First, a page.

Did you know December, January and February are peak months for house fires? More home cooking and heating as well as holiday decorations, winter storms and the use of candles – all increase the risk of fire during the cold months.

Each year, about 900 people die in winter home fires in the United States and more than two billion dollars are lost in personal property.

While cooking is the leading cause of home fires, our heightened need for heat and energy during this time of year and the misuse of equipment like space heaters and portable generators contribute to the vast majority of injuries and deaths in home fires (and carbon monoxide poisonings.)

Safety Strategies

Being thoughtful about how you use your stoves, heaters and electricity can go a long way to reducing the risk of a fire.

  • Never leave something that is cooking unattended and make sure the stove is off when you leave your home.
  • Create kid- and animal-free zones near heaters, stoves and fires.
  • Keep anything that is flammable like curtains, dishtowels, etc. at least three feet way from your stove, heating unit, or fireplace.
  • Turn off your stove, fireplace or heating unit when you leave the room or before you go to bed.
  • If you are using a portable heater, make sure it has an automatic shut-off so if it tips over, it shuts off. 
  • Plug portable heaters directly into wall outlets. Never use an extension cord or power strip for these.
  • If you are using your fireplace, keep a glass or metal screen in front to prevent embers or sparks from jumping out and starting a fire.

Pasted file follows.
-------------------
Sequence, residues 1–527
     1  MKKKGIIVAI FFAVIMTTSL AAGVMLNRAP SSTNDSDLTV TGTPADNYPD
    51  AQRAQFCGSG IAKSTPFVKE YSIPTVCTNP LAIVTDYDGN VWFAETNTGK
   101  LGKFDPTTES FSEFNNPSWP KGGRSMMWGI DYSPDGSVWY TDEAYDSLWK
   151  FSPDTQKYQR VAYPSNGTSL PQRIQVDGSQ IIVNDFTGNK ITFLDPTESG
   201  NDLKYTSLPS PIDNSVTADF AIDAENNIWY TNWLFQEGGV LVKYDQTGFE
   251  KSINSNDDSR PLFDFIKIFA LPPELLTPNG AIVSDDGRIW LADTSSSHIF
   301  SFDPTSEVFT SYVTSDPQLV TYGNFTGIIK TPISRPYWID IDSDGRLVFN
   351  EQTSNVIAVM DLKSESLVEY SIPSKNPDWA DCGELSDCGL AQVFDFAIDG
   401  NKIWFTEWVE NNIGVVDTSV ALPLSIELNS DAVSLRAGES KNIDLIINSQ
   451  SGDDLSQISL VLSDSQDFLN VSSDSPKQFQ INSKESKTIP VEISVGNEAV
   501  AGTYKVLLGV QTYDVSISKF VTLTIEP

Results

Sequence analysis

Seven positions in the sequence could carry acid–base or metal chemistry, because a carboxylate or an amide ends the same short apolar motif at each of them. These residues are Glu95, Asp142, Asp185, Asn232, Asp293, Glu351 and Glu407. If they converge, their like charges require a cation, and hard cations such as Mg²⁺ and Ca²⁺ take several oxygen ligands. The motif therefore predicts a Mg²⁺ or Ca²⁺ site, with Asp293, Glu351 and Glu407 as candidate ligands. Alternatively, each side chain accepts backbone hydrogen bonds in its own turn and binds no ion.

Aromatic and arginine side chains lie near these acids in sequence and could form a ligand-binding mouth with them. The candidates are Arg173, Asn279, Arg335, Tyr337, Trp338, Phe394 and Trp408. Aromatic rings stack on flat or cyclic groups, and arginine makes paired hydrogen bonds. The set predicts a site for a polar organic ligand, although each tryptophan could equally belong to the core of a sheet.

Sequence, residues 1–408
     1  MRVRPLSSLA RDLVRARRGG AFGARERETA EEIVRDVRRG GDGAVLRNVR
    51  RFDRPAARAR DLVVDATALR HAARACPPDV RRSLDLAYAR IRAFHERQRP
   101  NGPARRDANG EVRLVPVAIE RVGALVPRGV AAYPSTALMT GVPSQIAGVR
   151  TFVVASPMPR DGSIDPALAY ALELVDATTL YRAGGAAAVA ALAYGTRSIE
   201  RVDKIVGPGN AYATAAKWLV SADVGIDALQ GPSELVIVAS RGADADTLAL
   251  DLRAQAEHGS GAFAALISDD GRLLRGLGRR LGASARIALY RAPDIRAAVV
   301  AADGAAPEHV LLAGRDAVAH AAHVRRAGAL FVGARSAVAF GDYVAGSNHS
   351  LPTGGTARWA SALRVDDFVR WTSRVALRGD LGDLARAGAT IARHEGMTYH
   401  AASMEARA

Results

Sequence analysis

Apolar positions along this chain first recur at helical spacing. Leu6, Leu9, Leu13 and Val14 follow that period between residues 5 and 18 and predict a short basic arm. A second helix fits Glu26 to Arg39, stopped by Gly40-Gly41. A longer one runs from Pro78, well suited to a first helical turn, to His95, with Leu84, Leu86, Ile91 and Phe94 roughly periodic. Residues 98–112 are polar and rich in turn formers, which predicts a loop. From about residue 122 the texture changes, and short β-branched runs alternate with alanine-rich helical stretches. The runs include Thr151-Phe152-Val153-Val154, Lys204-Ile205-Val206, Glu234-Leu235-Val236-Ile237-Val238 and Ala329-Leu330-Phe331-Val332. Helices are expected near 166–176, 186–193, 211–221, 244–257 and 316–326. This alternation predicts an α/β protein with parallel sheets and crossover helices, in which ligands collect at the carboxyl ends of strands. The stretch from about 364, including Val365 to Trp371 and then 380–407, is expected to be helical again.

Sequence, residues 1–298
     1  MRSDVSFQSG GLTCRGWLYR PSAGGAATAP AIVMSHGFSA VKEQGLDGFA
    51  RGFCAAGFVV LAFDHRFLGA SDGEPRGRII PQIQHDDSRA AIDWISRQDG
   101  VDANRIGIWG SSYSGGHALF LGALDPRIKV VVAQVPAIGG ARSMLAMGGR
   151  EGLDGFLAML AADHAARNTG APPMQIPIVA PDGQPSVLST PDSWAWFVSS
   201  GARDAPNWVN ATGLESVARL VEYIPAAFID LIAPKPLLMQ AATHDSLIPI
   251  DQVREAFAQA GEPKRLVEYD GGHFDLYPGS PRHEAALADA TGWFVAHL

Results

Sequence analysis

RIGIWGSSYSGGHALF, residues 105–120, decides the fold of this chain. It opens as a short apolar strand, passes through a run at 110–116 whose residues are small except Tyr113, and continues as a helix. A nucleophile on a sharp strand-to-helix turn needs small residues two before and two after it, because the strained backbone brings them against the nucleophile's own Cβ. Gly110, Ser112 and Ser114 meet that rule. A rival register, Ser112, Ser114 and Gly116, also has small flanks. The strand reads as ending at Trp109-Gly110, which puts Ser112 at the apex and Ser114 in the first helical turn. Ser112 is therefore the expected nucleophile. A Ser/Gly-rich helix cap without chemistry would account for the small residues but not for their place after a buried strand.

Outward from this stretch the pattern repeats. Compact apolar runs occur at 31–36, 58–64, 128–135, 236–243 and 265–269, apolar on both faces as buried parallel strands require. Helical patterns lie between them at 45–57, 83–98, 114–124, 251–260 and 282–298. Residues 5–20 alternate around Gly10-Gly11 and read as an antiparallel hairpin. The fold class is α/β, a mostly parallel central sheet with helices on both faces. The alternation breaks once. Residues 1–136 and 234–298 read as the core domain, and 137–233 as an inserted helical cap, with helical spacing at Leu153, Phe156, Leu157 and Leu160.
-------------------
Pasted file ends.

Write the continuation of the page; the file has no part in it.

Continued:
• Do not burn paper in your fireplace.
  • Before going to sleep or leaving, make sure the fire in your fireplace is completely out, put the ashes in a metal container with a lid and store the container outside at least three feet from your home.
  • Have your chimney inspected and cleaned before using your fire place or wood stove.

Smoke and Carbon Monoxide Detectors

A key to keeping your family safe during the winter fire season is Installing and maintaining smoke and carbon monoxide detectors in your home.

Consider the following:

Detector typeThe U.S. Fire Administration recommends using ionization smoke detectors, which are extremely sensitive and can alert you to a fast-moving fire, and photoelectric smoke detectors that sense slow-moving fires. Dual sensor smoke alarms include both technologies to address the variety of fires that can occur.

Location – Everyone in the family should be able to hear the alarm. Install your alarms near sleeping areas, inside any bedroom where the door is typically shut and on every floor of the house, including the basement. Wall-mounted smoke alarms should be four to 12 inches from the ceiling, and ceiling-mounted models at least four inches from the nearest wall.

Maintenance – Smoke alarms can only protect your family when they are in good working order:

  • Test units monthly.
  • Install new batteries immediately when the low-battery warning alarm sounds or at least once a year.
  • Clean smoke alarms regularly by vacuuming them with a brush attachment.
  • Replace smoke alarms every 10 years to achieve optimum performance.


Finally, have a fire emergency plan in place for your family.

  • Everyone in the family must know how and where exit the home in case of a fire.
  • Have an agreed-upon meeting location away from the house. Designate a family member to call 911 after getting to the safe location.
  • Take some time to teach your children about what they must do if there is a fire (e.g. stay close to the ground when exiting the home, stop, drop and roll if their clothes catch fire, get out stay out, etc. )
    There are many resources available for teaching fire safety to children from the Red Cross, Safe Kids World Wide and other organizations.

If you need assistance developing a fire plan for your home or business, give us a call TSS at (877) 225-1431. We are here to help with all your safety needs!